Dec 16, 2012

Carol’s ‘Close Up’ with Darren E Laws – Author and Publisher who is Trained To Kill!

Carol Bridgestock


Today I’m very privileged to interview our very own Santa Claus … Let me explain.

Darren E Laws is not just a fantastic author in his own right and successful in public relations but he is also the CEO of Caffeine Nights Publishing. Three years ago Bob and I submitted our second novel in the Dylan series to his publishing house and let’s just say the rest is history. Caffeine Nights publish fiction for the Heart and the Head and any of their readers will know they do just that.  We feel honored to be amongst their stable of authors.

You will read very little about Darren E Laws on the web or anywhere else come to that. So come with me and let’s try to find out what makes this very private man tick…

Darren E Laws


Darren looks at me with a raised eyebrow and a quizzical smile on his lips.  I grin.  

Tell me about life your life before you started working. What did the young Darren E Laws get up to?

As a teenage I was trained to kill and have subsequently used that skill numerous times to good effect. :) It was training which stood me in good stead as a fiction author who dabbles on the darker side of life’s psyche. I was mad enough to join the Territorial Army and foolishly chose the Royal Marine Commandos. I learnt how to dismantle and reassemble a SLR (Self Loading Rifle) blindfolded. A strange skill but one which I could manage quite ably. I lasted about six months before sense took over and I decided that the world would be a safer place without my soldering skills. I remember a lot of running with backpacks, wading chest deep in frozen lakes on Salisbury Plain, eating horrendous dried food. I think my Chicken Supreme with Chocolate Custard is still remembered to this day. In my defence, it was pitch dark, we were soaking, had not eaten nor slept in 20 hours and were no too choosy.

Who gave you your inspiration to write your first novel? The person who gave me faith in myself is Natalie, my wife. Having someone who believes and supports you is a great motivator.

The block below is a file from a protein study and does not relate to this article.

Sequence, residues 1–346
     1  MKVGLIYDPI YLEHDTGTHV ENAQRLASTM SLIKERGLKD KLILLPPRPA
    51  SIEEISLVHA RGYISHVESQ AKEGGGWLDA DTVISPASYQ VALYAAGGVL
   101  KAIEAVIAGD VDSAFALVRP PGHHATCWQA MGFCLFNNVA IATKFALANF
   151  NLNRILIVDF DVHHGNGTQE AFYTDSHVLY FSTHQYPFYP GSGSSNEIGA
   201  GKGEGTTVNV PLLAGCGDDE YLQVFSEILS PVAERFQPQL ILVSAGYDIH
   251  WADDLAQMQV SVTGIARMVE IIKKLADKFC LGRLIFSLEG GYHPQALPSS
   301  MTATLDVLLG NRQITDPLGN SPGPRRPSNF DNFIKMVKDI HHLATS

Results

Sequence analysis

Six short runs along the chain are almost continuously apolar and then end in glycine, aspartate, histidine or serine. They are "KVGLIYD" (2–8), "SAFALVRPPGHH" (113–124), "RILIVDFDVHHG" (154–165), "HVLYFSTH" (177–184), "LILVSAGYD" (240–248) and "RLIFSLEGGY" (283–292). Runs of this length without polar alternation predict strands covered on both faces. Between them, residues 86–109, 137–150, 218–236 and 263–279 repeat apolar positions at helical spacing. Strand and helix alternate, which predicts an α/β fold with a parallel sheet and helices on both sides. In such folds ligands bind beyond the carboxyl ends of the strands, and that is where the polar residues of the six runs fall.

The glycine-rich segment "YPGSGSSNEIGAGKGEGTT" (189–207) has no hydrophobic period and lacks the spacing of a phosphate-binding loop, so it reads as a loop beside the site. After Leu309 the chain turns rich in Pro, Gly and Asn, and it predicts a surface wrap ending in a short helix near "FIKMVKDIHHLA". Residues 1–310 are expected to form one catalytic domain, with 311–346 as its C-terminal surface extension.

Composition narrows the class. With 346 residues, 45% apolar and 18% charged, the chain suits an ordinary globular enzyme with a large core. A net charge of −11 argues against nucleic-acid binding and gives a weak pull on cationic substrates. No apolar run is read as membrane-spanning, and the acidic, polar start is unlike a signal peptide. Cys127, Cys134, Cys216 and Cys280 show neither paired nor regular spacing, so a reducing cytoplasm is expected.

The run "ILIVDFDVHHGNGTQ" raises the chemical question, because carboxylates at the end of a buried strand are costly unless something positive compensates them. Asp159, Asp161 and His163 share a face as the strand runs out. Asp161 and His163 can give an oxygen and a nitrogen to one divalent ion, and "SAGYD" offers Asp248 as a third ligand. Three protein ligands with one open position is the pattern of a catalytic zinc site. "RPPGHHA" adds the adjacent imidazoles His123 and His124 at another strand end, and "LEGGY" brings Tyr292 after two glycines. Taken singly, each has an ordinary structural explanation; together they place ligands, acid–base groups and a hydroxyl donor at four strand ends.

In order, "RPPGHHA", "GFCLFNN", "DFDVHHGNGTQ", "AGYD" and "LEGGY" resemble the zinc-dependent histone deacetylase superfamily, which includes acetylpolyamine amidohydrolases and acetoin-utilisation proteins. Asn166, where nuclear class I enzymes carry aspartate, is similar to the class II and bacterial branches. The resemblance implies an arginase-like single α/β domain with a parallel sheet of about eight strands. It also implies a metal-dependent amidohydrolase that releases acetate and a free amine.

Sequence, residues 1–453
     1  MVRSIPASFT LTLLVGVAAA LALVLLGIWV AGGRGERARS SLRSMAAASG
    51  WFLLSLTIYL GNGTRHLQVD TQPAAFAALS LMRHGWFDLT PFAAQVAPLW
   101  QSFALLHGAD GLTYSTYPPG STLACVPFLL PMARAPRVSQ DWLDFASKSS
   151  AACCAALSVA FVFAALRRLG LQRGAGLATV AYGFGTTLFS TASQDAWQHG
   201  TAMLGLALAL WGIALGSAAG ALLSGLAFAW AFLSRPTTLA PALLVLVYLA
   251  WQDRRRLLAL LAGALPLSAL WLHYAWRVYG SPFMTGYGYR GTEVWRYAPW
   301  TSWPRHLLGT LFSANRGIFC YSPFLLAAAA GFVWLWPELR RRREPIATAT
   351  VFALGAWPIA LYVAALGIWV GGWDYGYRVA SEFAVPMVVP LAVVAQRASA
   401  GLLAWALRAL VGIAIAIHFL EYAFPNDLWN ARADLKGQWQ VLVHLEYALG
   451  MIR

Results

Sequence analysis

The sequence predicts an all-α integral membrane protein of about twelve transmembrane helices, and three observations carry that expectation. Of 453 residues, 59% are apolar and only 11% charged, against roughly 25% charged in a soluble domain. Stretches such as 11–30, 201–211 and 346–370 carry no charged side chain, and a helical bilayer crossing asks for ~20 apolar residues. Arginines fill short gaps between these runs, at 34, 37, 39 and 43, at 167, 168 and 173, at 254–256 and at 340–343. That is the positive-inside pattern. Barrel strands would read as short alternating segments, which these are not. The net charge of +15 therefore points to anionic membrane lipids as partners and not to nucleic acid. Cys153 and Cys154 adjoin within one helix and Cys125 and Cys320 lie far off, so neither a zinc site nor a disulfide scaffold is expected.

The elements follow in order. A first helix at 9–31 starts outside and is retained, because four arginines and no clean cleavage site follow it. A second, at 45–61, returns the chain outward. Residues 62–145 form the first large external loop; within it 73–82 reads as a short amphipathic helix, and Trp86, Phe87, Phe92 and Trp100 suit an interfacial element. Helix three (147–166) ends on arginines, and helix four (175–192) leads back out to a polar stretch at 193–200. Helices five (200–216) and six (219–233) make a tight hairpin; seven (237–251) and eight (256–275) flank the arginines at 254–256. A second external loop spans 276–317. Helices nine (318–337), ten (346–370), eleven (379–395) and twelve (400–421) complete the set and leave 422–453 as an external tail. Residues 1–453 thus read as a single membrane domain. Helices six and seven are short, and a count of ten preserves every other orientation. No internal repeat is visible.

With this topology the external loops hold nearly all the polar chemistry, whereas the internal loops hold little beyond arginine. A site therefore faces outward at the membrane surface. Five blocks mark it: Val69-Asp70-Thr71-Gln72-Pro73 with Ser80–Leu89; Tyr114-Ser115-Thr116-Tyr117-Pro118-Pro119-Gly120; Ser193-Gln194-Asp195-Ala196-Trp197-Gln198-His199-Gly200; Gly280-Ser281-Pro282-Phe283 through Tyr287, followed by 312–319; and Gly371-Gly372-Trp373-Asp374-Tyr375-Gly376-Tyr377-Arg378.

I believe you wanted to be a writer since you were a teenager, is that right? A couple of days before my first novel was published I was rooting about in our loft and came across a diary I don’t even remember writing. Inside it said that one day I would love to be a novelist. I always used to scribble and write stories so the seed was sown early I guess.

How has life experiences affected your writing? Life influences everything a writes puts down on paper in some way or another. If it doesn’t then there is something wrong. For me, growing up in London’s east end it meant using your imagination in so many ways. We were written off and forgotten by society and to escape and make something of your life you had to be autodidactic, adaptable, ambitious beyond academic, resolute or a criminal.

‘Turtle Island’, a crime thriller was your first published novel that was picked up by an American publisher. When will we see the second in the trilogy ‘Dark Country’ published? It’s been a long time coming due to my work with setting up and running Caffeine Nights. I have been writing it for over five years and its 97% there. I expect it to be out in 2013 though I haven’t set a date yet. I dread to think when the third book will be out, especially as there will be another leftfield novel in-between.

‘Tripping’, the second novel published is a surreal black comedy described as ‘chick noir’. What reactions expected or otherwise did you get when that was published – being so different from ‘Turtle Island’? I like confounding expectations, especially my own. I know people are intelligent enough to take a book for what it is and the world is big enough to find new readers in different genres.

How has your perception of publishers changed since being one yourself? Totally. Sadly many of the things which I thought were wrong with the industry were confirmed pretty quickly and continue to be reinforced on a daily basis. There are many great people out there working to move things forward but the industry is sown up by a cartel intent on keeping it an old boys club. Caffeine Nights is there to irritate the hell out of them every now and then.